"It's no good having one without the other"

In September of 1968, in what he jokingly termed “E. Gorey’s Great Simple Theory About Art,” Gorey wrote these Yodaesque words:

“This is the theory ... that anything that is art ... is presumably about some certain thing, but is really always about something else, and it’s no good having one without the other, because if you just have the something it is boring and if you just have the something else it’s irritating.”

When I teach literature I always tell them, these would-be writers (we don’t do workshops, we just read great books), I say, “When you read Pride and Prejudice, don’t if you’re a girl identify with Elizabeth Bennet, if you’re a boy with Darcy. Identify with the author, not with the characters.” All good readers do that automatically, but I think it’s helpful to make that clear. Your affinity is not with the characters, always with the writer.

You should always be asking yourself, if you want to become an expert reader or perhaps a writer, you should always say, “How is this being achieved?” “How is this scene being managed?” “How is this being brought off?” Because the characters are artifacts. They’re not real people with real destinies and I know that feeling, when you’re reading Pride and Prejudice even for the fourth time, you feel definite anxiety about whether they’re going to get married, even though you know perfectly well that they do. There’s a slight sort of, “Come on, kiss her!”

MARTIN AMIS

You most likely need a thesaurus, a rudimentary grammar book, and a grip on reality. This latter means: there’s no free lunch. Writing is work. It’s also gambling. You don’t get a pension plan. Other people can help you a bit, but ­essentially you’re on your own. Nobody is making you do this: you chose it, so don’t whine.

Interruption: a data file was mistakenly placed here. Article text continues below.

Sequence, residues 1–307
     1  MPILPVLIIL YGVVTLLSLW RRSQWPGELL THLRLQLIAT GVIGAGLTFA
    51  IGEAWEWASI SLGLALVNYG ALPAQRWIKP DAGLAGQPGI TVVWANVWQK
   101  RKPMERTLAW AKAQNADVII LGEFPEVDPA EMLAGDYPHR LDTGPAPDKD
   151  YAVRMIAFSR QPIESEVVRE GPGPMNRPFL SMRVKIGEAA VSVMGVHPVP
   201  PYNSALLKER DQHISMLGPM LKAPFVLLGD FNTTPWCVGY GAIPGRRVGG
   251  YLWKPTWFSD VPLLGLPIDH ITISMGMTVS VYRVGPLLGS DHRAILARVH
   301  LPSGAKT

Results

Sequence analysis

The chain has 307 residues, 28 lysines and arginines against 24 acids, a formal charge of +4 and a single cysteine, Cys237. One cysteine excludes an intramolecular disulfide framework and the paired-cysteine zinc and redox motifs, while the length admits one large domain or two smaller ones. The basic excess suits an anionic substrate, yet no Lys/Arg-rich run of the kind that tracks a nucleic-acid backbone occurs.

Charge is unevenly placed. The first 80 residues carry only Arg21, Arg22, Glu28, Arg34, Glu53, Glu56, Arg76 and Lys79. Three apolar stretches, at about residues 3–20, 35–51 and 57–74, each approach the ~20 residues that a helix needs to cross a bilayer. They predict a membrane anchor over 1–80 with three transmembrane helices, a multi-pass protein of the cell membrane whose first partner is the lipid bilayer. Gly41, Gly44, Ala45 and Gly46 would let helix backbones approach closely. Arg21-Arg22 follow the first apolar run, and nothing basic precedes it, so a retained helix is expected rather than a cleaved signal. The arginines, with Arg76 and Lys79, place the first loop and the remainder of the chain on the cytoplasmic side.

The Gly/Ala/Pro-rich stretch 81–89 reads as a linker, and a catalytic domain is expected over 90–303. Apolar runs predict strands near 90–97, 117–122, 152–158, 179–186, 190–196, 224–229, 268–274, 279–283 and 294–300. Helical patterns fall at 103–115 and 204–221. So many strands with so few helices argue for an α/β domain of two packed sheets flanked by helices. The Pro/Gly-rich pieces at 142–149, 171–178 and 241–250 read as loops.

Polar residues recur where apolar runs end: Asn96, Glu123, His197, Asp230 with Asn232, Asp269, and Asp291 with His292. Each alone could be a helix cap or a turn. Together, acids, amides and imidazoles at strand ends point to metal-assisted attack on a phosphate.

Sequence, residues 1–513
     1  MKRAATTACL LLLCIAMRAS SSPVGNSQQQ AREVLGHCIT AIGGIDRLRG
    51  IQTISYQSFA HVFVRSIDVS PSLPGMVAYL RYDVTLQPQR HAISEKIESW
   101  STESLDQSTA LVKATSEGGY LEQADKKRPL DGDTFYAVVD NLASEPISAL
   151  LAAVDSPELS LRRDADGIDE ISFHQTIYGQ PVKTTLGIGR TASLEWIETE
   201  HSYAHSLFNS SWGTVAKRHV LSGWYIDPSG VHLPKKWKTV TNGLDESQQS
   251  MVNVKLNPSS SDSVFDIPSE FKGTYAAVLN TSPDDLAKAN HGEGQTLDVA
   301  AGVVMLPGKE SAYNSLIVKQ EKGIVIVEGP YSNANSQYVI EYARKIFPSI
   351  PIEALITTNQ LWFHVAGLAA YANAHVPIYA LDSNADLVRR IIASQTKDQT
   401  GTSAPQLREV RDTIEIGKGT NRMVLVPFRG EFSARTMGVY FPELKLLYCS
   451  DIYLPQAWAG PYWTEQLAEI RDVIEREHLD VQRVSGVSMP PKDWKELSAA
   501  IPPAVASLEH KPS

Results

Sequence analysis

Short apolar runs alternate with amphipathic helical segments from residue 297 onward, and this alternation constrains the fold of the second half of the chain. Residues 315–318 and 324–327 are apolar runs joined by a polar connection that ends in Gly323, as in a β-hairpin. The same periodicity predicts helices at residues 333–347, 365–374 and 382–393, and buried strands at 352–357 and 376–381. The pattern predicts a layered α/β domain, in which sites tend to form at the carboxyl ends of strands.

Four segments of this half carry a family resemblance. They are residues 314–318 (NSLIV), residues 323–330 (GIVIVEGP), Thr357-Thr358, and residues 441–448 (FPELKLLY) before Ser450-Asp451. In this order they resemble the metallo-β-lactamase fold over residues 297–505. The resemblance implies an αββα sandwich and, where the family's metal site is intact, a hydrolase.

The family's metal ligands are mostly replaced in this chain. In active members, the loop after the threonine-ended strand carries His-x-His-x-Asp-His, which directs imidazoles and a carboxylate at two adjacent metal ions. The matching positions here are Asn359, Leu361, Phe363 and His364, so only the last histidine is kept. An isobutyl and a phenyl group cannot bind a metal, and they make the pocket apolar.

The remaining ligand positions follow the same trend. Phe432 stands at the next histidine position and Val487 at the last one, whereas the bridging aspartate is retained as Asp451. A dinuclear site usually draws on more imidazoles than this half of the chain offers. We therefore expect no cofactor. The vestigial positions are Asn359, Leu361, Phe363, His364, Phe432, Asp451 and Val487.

MARGARET ATWOOD

richardsala:

From the RIP card set of strange phenomena ~ (1) Rain of fish (2) Psychic detective (3) Spontaneous combustion (4) Real life vampire (5) Fire ghost (6) Ghost hunter

Something Should Remain Unsaid

Narrative art must be clear, but it must also be mysterious. Something should remain unsaid, something just beyond our understanding, a secret. If it’s only clear, it’s kitsch; if it’s only mysterious (a much easier path), it’s condescending and pretentious and soon monotonous.

STEPHEN SONDHEIM


Something Should Remain Unsaid

Red carpets, interviews and social networking are all alien to him. When a friend told him that he was trending on Twitter following his debut as Moriarty, he made a rare foray online. “So terrifying,” he says burying his head in his hands. “I would never go on it again. Oh God, it just made me want to go to sleep for three weeks. People said lovely things but then people also said the most vicious, horrible things. It’s an outlet for the angry. It’s like going into a room and being punched, then kissed, then hugged, then kicked, then complimented and then slated.”

If you use willpower only to deny yourself pleasures, it becomes a grim, thankless form of defense. But when you use it to gain something, you can wring pleasure out of the dreariest tasks. Young people who seem hopelessly undisciplined in school or on the job will concentrate for hour after hour on video games because there’s a steady series of prizes. That’s the feeling to aim for in the real world.